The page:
Warren Zevon, who wrote "Werewolves of London" and "Camelita," died in his home in Los Angeles in 2003 at the age of 56. In September 2002 Zevon announced that he had been diagnosed with terminal lung cancer and had only months to live.

Born today in 1957, Jermaine Stewart, singer. Also worked with Shalamar, The Temptations and Boy George. Stewart died of cancer on March 17, 1997.


In 1959, Dick Clark's Michigan State Fair stage show, winding up a four day stand, attracted 15,000 spectators-it's the most in the fair's 110-year history. Appearing on stage includes Frankie Avalon and Annette Funicello, La Vern Baker, Freddy Canon, Duane Eddy, the Coasters, Lou Rawls and Bobby Rydell.

The Beatles' "She Loves You" hit #1 in England in 1963.

Bob Dylan debuts on the pop album charts in 1963 with "The Freewheelin' Bob Dylan."

Iron Butterfly's In-A-Gadda-Da-Vida LP entered the charts in 1968.

In 1968, the Doors played the first of two nights at The Roundhouse, London, playing 2 shows a night on their first UK visit. Granada TV filmed the sold out gigs (later shown as "The Doors Are Open"), which were attended by members of The Rolling Stones and Traffic.

The Doors' third album, "Waiting for the Sun," topped the albums chart in 1968 on the back of the #1 single "Hello, I Love You."

Also in 1968, Jimmy Page, Robert Plant, John Paul Jones and John Bonham made their live debut as Led Zeppelin at Teen Club Box 45 in Gladsaxe in Denmark.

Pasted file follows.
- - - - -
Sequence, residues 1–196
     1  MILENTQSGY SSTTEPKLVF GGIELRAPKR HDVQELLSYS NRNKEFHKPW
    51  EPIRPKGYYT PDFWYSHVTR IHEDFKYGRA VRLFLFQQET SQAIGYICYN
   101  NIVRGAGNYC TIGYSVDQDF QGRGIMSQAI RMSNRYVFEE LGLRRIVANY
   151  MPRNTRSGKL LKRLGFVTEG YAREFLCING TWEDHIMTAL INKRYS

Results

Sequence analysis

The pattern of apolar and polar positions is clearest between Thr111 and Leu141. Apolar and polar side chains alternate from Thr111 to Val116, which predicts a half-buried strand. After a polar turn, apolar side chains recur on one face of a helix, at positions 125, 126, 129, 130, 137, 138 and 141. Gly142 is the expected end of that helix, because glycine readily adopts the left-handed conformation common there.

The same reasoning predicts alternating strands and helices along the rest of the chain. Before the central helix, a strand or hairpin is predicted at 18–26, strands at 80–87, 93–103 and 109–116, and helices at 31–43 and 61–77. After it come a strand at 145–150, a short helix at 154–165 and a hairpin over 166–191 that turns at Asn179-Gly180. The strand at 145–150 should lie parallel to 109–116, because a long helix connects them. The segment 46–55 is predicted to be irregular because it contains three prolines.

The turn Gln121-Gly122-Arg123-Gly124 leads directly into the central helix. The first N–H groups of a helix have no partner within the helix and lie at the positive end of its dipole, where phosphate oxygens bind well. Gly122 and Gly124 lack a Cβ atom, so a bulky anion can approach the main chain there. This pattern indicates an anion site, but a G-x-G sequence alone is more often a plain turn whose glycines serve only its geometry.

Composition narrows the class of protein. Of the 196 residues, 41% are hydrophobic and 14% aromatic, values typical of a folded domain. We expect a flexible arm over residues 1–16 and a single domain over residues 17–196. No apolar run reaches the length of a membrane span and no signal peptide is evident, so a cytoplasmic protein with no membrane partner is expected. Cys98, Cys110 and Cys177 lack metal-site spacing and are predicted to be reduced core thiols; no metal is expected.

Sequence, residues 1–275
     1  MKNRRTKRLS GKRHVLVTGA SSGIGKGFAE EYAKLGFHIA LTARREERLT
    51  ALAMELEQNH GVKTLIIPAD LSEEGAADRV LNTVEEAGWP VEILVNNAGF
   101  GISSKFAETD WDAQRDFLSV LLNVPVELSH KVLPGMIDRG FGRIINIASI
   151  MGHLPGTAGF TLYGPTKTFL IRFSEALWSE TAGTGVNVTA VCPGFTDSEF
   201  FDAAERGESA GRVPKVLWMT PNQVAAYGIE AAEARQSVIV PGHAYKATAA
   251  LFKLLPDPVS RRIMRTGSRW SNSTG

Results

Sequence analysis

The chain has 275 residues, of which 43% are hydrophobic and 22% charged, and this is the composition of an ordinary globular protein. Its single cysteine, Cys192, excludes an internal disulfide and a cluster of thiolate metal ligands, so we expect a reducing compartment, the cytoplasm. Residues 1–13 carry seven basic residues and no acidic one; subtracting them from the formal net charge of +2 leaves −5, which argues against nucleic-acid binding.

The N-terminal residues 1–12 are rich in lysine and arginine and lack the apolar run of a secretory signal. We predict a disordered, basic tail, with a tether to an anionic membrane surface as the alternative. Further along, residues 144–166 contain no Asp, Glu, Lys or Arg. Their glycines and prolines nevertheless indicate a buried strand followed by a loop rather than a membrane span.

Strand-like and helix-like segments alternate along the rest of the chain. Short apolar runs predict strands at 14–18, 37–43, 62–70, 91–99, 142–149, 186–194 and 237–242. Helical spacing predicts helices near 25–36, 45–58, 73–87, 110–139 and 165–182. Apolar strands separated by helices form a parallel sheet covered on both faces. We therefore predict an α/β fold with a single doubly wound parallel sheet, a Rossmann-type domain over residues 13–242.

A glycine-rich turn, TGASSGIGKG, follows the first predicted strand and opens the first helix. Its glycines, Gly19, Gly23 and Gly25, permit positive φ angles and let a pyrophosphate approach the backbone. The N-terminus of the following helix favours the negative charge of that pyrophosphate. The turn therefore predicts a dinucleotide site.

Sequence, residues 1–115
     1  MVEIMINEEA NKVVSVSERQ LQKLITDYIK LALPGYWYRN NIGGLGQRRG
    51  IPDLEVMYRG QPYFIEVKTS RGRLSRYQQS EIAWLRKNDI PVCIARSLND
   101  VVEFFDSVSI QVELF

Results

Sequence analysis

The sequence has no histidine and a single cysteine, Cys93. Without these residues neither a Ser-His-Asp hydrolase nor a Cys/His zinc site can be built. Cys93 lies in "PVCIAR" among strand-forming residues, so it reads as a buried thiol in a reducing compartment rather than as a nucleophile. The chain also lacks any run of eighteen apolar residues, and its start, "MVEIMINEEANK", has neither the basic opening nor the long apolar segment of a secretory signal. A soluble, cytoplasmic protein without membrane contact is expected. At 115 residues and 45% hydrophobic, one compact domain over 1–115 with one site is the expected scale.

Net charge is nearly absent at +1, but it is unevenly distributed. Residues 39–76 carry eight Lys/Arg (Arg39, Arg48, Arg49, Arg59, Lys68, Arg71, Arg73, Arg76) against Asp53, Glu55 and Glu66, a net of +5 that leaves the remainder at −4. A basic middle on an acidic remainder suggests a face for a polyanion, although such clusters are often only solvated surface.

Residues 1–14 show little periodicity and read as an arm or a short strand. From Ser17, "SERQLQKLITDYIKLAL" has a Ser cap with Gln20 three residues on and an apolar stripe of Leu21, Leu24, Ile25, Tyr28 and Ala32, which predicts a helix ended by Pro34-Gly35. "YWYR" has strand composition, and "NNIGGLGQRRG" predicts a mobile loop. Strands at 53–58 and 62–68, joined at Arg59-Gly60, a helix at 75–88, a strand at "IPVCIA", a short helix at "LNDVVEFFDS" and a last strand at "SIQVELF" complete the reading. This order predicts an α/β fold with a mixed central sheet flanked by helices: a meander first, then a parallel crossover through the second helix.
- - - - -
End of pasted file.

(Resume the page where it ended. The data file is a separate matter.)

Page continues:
The half hour Saturday morning cartoon "The Beatles" aired its last show in 1969. The show had debuted on September 25, 1965.

The president of the slumping MGM Records since 1969, Mike Curb, resigned in 1973. The 28 year old made his reputation as a purveyor of middle-of-the-road music. He once got rid of eighteen acts from his label because the were allegedly "drug oriented." Curb had other things on his mind like politics and became lieutenant governor of California.

"Over-nite Sensation," by the Mothers (a.k.a. Frank Zappa and band), was released in 1973. One of Zappa's most popular releases, it contains the favorites "Dirty Love" and "Dinah-Moe Humm."

The Guess Who play their final concert in Montreal in 1975.

In 1975, a guy named Steve Anderson set a record for picking a guitar. Anderson, at age 22, picked for 114 hours, 7 minutes. He broke the old record by more than four hours.

In 1976, Judge Richard Owen of the New York State Supreme Court ruled that George Harrison "subconsciously plagiarized" "He's So Fine," the Chiffon's 1963 hit. Harrison's 1970 hit "My Sweet Lord" was the reason for the problem. Harrison was ordered to pay $587,000 to ABKCO Music, a company owned, ironically, by Harrison's former business manager, Allen Klein.